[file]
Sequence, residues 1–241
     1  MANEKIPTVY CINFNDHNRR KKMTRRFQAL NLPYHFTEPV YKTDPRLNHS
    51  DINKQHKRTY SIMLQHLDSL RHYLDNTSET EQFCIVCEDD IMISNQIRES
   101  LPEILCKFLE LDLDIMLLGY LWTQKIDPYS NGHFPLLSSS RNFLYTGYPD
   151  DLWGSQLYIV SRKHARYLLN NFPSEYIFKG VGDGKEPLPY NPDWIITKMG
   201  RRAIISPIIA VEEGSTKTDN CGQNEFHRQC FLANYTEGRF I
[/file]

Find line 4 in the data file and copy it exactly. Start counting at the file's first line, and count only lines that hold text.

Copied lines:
   101  LPEILCKFLE LDLDIMLLGY LWTQKIDPYS NGHFPLLSSS RNFLYTGYPD